The horrifying death of movie star Natalie Wood has overshadowed her life. “Natalie Wood: What Remains Behind,” a film by longtime documentarian and behind-the-scenes DVD featurette director Laurent Bouzereau, tries to correct that, by focusing on the actress’ film career and her experiences as a mother, a wife, and the daughter of Russian immigrants. But the mystery of her demise looms over this reclamation project like low-hanging storm clouds, and the film suffers from its decision to avoid looking up unless it has to.
There are some good bits covering Wood’s work in “Rebel Without a Cause,” “Splendor in the Grass,” “West Side Story,” “Miracle on 34th Street,” “Love with a Proper Stranger,” “Inside Daisy Clover” and other classics, and the film is at its strongest when it’s detailing her struggle to succeed in a male-dominated industry that sexually exploits and discriminates against women. Actress Natasha Gregson Wagner, daughter of Natalie Wood and British film producer Richard Gregson, serves as audience surrogate and “host.” In addition to sitting for on-camera interviews, Gregson Wagner addresses the camera directly and is often seen in the same frame with interview subjects sitting across a table, as if sharing a casual lunch. The interviewees include Mia Farrow, Robert Redford, Richard Benjamin, and of course Gregson Wagner’s stepfather Robert Wagner, whom Wood married, divorced and remarried, and who was on the boat that night and has been the object of suspicion since.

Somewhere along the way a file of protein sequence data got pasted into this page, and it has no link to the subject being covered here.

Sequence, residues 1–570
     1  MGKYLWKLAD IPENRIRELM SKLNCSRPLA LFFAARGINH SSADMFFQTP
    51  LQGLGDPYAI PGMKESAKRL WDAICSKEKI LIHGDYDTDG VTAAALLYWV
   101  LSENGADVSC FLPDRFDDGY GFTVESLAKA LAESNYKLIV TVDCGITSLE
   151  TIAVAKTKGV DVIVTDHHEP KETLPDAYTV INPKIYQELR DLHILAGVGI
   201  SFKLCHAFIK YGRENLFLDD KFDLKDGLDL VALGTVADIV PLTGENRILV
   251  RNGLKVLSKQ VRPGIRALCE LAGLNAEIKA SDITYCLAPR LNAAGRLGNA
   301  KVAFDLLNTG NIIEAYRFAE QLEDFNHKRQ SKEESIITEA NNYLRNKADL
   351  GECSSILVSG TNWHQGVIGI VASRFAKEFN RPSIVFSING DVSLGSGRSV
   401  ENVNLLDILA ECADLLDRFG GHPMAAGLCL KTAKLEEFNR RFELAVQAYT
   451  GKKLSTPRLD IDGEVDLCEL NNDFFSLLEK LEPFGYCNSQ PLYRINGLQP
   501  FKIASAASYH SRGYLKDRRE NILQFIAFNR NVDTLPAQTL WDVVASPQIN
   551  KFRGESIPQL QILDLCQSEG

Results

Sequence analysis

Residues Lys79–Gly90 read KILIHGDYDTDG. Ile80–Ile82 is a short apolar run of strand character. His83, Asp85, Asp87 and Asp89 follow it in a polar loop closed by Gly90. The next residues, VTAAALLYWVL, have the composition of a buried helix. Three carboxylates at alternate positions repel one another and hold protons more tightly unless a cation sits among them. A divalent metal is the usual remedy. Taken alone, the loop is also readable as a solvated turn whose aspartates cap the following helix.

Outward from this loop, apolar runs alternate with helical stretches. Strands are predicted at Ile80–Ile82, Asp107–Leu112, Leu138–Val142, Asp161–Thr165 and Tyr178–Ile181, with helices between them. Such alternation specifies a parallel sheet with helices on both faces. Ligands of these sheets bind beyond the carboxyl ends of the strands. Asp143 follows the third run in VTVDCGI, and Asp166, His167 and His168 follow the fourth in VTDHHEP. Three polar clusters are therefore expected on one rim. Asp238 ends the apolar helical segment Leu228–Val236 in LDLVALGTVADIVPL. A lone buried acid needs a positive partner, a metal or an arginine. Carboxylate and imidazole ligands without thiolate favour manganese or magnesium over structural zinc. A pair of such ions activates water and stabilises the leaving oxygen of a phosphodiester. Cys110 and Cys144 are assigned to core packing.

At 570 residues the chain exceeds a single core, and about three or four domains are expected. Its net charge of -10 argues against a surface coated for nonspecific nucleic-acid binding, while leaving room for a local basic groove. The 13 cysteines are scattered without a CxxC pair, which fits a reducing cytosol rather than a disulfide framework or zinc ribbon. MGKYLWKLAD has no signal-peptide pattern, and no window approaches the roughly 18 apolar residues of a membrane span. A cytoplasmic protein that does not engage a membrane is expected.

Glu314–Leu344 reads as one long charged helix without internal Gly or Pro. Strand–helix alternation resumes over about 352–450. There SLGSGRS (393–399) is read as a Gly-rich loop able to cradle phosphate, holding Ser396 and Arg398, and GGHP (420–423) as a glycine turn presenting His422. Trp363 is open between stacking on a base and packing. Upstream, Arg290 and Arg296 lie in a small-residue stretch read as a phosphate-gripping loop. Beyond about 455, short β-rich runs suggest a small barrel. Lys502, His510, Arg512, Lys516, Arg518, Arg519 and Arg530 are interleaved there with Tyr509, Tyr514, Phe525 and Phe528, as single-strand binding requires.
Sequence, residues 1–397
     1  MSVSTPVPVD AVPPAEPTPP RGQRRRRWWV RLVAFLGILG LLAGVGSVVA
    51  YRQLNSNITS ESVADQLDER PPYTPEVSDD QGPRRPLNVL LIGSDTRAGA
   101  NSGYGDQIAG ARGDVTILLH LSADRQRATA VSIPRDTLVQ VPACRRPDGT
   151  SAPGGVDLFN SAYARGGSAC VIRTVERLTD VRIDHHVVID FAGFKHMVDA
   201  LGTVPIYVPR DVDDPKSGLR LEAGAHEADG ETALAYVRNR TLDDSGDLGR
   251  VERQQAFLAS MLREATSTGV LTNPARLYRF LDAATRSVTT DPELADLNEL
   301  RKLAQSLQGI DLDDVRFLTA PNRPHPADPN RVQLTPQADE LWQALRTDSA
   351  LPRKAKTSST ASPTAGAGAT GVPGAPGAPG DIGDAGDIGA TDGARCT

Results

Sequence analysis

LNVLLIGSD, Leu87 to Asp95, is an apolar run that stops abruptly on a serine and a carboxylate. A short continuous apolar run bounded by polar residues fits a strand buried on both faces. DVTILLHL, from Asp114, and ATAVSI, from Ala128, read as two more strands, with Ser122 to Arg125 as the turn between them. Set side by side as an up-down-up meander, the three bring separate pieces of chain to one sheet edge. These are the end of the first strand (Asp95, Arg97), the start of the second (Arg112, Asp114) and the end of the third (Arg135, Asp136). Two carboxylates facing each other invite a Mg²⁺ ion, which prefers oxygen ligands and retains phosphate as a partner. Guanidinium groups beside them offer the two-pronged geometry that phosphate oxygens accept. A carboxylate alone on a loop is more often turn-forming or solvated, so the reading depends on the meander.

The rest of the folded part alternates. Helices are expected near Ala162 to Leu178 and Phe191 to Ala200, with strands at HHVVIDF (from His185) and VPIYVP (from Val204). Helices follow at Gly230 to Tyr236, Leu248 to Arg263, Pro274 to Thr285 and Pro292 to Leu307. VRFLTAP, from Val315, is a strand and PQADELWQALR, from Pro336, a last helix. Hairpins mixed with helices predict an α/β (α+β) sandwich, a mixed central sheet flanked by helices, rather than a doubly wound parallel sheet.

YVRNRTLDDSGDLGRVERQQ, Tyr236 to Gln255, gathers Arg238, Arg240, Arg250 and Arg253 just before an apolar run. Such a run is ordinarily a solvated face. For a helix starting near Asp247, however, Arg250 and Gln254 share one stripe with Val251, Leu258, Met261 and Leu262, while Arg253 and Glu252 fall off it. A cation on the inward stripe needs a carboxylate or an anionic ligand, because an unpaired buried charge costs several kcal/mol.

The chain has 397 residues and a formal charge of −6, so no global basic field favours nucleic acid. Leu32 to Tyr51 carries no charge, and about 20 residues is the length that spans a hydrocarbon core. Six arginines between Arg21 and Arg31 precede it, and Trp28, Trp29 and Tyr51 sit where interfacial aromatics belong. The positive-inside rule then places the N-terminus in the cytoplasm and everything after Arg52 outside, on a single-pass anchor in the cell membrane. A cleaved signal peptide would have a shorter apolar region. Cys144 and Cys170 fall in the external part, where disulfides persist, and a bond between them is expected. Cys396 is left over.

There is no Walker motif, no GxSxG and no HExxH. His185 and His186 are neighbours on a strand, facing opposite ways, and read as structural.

But despite its intention to redirect public attention to the actress’s life and art, the film ultimately starts to seem as anxious and evasive as a witness in a murder investigation who talks around the subject that questioners are most interested in.
This is not to say that “What Remains Behind” is without value, much less that this reviewer subscribes to the more tawdry or sinister theories about how Wood died. All we know for sure is that she disappeared from a yacht near Catalina Island, where she’d anchored Wagner, her Christopher Walken, her costar in her last film “Brainstorm,” and other passengers, and that the Coast Guard found her corpse hours later. The simplest explanation for what happened is that Wood, who was staying in a cabin below deck with Wagner, got up at the end of a rainy night to tighten the rope on a dinghy that had been banging against the hull and disturbing her sleep (something family members said was a source of irritation for Wood whenever they sailed), then slipped on the wet deck, fell overboard, and drowned.